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The Importance of Pharmacogenetics

Utilizing the correct intensity of a vitamin K antagonist (VKA) and maintaining the patient in the therapeutic range are two of the most important determinants of its effectiveness and safety.  Therapeutic efficacy can be influenced by physiologic and pharmacologic factors such as drugs or illnesses that affect the pharmacokinetics or pharmacodynamics of the VKA, dietary or GI factors that affect the availability of vitamin K1, physiologic factors that affect the synthetic or metabolic fate of the vitamin K-dependent coagulation factors, and the ability of the health-care provider to make appropriate dosage and follow-up decisions.
   Vitamin K1 is an essential cofactor in the carboxylation of several glutamic acid residues in the vitamin K-dependent coagulation factors II, VII, IX, and X, as well as proteins C and S.  Depending on the level of carboxylation, these proteins manifest a reduced coagulant (i.e., enzymatic) potential. Vitamin K1 is oxidized in the process and is recycled to a reduced state by an enzyme, vitamin K oxide reductase complex 1 (VKORC1).  The VKA produces its anticoagulant effect by interfering with the cyclic interconversion and regeneration of reduced vitamin K from its 2,3 epoxide (vitamin K epoxide).  It exerts this effect by inhibiting the enzyme, VKORC1.  Dietary vitamin K1 enters the body in a partially reduced state bypassing the VKA-sensitive reductase, and thus, replenishing fully reduced vitamin K1 stores in the presence of warfarin therapy.
   Because of its excellent bioavailability and favorable pharmacokinetics, warfarin is the most commonly used oral anticoagulant in many countries. Warfarin is a racemic mixture of stereoisomers known as the R and S forms; each has distinctive metabolic pathways, half-lives, and potencies.  Variability in warfarin metabolism, due either to genetic differences in the metabolic enzymes or to disease and/or drug-induced alterations in metabolic fate, or of the sensitivity of the VKORC1 enzyme to warfarin account for the marked variations in an individual's initial response to, or maintenance requirement for warfarin. The S form of warfarin (5 times more potent than the R form) is metabolized primarily by the CYP2C9 enzyme of the cytochrome P450 system. A number of genetic polymorphisms (single nucleotide polymorphisms [SNPs]) in this enzyme leads to a reduced activity of the enzyme and may influence both the dose required to achieve a therapeutic level and the bleeding risk with warfarin therapy. Specifically, the CYP2C9*2 and CYP2C9*3 alleles are associated with lower dose requirements and higher bleeding complication rates compared to the wild-type enzyme CYP2C9*1. The prevalence of these polymorphisms varies in populations.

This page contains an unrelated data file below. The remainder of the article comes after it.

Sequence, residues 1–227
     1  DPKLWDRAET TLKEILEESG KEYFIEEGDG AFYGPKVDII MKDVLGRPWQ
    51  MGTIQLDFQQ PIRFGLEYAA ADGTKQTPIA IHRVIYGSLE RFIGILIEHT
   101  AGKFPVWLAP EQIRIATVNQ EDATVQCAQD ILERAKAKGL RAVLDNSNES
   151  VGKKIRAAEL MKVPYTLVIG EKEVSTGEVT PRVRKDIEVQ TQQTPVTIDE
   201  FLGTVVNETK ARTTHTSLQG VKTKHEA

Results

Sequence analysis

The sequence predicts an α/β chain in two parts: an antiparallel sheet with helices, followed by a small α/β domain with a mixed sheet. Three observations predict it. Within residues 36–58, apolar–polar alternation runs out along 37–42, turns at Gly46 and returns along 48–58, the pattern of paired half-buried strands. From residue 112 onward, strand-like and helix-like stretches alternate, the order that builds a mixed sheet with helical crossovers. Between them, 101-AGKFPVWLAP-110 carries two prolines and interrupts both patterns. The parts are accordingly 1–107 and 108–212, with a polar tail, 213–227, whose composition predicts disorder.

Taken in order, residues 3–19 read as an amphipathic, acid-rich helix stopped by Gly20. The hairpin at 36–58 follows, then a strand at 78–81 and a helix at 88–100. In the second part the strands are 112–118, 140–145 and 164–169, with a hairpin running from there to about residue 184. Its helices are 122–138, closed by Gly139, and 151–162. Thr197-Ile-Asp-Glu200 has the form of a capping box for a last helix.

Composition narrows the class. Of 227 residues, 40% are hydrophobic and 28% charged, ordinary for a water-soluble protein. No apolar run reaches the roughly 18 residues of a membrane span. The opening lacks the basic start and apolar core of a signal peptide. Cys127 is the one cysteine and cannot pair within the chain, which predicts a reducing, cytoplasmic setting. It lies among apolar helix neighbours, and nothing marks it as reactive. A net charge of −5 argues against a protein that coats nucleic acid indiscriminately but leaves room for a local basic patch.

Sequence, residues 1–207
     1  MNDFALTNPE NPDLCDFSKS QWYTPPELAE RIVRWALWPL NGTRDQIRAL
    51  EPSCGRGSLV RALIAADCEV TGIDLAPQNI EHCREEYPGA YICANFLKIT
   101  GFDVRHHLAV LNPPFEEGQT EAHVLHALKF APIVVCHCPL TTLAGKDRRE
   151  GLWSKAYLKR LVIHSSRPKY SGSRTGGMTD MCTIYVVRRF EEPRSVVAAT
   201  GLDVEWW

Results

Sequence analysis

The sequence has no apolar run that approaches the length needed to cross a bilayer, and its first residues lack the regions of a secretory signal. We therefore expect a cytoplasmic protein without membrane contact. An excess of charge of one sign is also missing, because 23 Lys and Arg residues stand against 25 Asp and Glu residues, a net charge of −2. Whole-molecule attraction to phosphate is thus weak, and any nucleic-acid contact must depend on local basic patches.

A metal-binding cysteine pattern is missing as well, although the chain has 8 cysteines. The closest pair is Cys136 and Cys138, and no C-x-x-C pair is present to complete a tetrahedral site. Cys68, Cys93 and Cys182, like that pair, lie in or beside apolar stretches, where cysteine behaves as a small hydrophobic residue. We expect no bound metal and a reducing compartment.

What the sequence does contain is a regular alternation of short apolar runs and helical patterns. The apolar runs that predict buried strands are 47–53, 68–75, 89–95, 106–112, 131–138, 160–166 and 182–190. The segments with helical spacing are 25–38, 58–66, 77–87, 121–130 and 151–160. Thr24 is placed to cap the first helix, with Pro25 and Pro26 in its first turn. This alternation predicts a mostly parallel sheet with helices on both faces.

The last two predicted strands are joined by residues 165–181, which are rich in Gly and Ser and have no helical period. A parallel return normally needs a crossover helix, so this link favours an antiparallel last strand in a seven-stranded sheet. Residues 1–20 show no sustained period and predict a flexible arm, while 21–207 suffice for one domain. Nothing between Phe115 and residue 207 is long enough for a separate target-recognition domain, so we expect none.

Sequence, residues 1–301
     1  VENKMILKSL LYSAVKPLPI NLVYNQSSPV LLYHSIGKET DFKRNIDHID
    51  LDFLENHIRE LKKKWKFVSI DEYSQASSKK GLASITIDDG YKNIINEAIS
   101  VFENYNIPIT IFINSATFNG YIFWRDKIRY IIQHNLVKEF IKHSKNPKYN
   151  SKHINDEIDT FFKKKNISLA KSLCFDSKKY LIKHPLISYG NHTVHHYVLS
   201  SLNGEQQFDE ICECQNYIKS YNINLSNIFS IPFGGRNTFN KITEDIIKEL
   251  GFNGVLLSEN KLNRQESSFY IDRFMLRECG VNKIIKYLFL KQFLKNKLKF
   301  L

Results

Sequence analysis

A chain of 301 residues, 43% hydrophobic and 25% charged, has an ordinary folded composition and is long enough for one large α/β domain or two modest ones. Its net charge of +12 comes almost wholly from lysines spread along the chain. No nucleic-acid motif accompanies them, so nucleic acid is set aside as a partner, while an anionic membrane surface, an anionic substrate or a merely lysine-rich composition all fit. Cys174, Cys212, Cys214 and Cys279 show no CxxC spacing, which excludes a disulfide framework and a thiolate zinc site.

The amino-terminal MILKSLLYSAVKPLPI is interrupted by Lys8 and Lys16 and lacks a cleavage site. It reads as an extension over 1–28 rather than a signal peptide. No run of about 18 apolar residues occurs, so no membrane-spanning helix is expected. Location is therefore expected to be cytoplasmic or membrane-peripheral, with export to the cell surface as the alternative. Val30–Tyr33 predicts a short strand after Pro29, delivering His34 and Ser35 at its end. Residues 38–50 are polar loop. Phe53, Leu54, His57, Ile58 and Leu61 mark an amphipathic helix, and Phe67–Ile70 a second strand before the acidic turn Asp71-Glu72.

The recent discovery of a number of SNPs in the VKORC1 gene leading to varying sensitivities of the enzyme to warfarin inhibition has been shown to have a major impact on the pharmacodynamics of warfarin.  A combination of SNPs leads to various haplotypes of the gene and gene product.  Some of these haplotypes result in an enzyme that is sensitive to warfarin inhibition requiring a lower dose of warfarin, while others are more resistant, requiring a higher dose (and maintenance dose) of warfarin to achieve a therapeutic INR.  The prevalence of these haplotypes varies in different populations.  A combination of genetic alterations in either the CYP2C9 or VKORC1 genes has been shown to account for as much as 20% to 50% of the variability in warfarin maintenance dosing.

Jack Ansell, M.D.
Boston University School of Medicine

Anticoagulation news 3, 4 (2006)